Hunting camp flap is not Rick Perry's biggest problem

Controversy over the name of a hunting camp leased by Rick Perry gives his GOP opponents fresh ammunition. But a bigger challenge to Perry's campaign is fading support among independents.

Charles Krupa/AP
Republican presidential candidate, Texas Gov. Rick Perry gestures as he answers a question during an address during a campaign stop in Derry, N.H., Friday.

Rick Perry is defending himself against charges that he leased a hunting camp with a racially charged name, in case you haven’t heard.

The Washington Post reported Sunday that the west Texas camp’s offensive moniker – which we won’t repeat here – was visible on a rock at the camp entrance into the 1990s, despite the fact it had been painted over. The Perry campaign insists that the camp was renamed shortly after Governor Perry’s father first leased it 30 years ago, and that Perry himself has a long record of racial inclusiveness as Texas governor.

Is this flap going to be a big problem? Well, it’s certainly not a good thing for the Perry campaign, as critics continue to argue about exactly who saw what at the camp entrance, and when. It gives his GOP opponents something else to hit Perry with during presidential debates.

“Since Governor Perry has been going there for years to hunt, I think that it shows a lack of sensitivity for a long time of not taking that word off of that rock and renaming the place,” said Republican hopeful Herman Cain on ABC’s “This Week with Christiane Amanpour" on Sunday.

Conservatives, for their part, have been livid over the story, saying it is thin and does nothing to connect Perry personally to offensive speech or actions.

“It is drive-by slander,” wrote conservative talk radio host Hugh Hewitt on his blog Sunday.

But the fact is that several days of a cycling bad news story is not Perry’s biggest challenge at the moment. No, his biggest problem may be this: His rough campaign performances appear to be turning off some crucial independent voters. In turn, that’s threatening to undermine his claim that he’s electable against President Obama.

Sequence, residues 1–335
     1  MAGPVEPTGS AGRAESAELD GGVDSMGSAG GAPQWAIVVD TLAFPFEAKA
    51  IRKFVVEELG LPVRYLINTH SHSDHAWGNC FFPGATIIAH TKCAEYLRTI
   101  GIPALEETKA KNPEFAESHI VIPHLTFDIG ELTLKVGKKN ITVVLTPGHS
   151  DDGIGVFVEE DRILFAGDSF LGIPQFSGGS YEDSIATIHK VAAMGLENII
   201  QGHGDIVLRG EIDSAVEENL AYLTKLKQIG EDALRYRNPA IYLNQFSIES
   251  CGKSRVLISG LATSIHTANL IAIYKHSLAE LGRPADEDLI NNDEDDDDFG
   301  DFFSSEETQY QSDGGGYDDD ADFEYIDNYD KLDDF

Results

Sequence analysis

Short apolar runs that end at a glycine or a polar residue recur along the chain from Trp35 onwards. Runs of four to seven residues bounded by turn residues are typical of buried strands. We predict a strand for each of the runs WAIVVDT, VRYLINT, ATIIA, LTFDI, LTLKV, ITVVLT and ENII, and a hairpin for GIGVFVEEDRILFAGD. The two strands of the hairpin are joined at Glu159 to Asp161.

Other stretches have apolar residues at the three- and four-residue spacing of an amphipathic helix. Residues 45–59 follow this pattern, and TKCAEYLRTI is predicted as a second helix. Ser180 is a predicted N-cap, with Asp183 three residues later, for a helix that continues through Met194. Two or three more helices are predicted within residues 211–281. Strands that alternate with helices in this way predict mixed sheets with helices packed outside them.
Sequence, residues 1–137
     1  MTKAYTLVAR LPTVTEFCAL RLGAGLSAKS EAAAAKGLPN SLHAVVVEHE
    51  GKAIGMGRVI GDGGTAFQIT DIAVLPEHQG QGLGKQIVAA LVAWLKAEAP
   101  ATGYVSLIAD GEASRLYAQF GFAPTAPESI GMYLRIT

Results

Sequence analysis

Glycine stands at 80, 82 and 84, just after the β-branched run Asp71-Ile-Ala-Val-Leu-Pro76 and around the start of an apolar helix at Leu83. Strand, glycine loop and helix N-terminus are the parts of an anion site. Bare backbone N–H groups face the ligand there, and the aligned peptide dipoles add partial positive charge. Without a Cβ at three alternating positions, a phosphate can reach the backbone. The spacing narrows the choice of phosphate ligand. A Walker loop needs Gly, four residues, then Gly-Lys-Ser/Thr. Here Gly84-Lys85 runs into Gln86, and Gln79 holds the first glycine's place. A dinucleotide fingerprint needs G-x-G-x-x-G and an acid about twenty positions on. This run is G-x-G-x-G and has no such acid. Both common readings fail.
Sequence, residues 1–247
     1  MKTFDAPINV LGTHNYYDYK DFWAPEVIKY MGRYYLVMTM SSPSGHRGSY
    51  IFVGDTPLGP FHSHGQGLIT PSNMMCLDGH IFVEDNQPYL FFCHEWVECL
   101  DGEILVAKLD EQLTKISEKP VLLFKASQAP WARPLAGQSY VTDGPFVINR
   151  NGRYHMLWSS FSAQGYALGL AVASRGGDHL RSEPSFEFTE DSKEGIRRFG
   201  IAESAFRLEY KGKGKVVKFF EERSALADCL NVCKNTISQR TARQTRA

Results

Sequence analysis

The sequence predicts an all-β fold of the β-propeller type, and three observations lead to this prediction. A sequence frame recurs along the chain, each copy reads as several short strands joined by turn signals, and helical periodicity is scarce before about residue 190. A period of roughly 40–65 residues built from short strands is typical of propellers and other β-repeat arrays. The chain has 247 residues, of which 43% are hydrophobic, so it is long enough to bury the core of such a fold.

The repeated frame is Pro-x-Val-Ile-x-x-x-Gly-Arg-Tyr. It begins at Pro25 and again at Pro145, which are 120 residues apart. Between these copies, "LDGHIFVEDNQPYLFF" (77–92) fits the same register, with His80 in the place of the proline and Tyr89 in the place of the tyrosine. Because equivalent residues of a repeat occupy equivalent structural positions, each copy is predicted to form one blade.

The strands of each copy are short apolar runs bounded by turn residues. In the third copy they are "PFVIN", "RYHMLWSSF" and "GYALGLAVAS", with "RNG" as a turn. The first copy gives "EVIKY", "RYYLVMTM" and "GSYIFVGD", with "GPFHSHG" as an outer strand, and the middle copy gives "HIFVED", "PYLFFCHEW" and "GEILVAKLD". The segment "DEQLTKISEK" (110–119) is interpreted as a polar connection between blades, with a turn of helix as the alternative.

Just look at the latest RealClearPolitics poll data on head-to-head matchups between Mr. Obama and GOP candidates to see what we mean. It shows that in recent weeks Perry has been losing ground to the president.

Back in the middle of September, Obama and Perry were in a virtual dead heat, according to RCP data. But now Obama has opened up a lead of eight percentage points or so, at 49.1 percent of voters to Perry’s 41.5, according to RCP’s rolling average of major polls.

Former Massachusetts Gov. Mitt Romney does better in this same data set. He trails the president by only two percentage points, at 46.9 to 44.8 percent.

Perry is still the front-runner among GOP candidates, according to most polls. He’s first with a plurality of 26.5 percent of voters in RCP’s rolling average. Mr. Romney trails at 23 percent. But even in this measure, Perry is falling. His GOP lead peaked in mid-September and has been declining ever since.

That’s the major challenge confronting the Perry campaign. His star has appeared to be fading for weeks now, and he needs to find a way to restore its luster.

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